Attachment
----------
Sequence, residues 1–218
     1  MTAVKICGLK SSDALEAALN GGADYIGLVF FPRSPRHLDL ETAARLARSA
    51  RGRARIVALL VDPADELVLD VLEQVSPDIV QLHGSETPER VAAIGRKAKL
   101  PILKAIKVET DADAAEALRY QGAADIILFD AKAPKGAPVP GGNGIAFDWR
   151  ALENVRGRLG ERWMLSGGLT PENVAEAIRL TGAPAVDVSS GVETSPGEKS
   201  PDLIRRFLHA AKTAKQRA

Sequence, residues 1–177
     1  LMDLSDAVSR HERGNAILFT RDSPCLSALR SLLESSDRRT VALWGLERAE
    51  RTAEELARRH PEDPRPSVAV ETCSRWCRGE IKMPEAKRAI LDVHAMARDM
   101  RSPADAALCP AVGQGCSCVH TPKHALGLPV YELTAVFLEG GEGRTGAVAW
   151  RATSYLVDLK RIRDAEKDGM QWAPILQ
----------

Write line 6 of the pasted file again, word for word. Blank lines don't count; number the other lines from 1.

   201  PDLIRRFLHA AKTAKQRA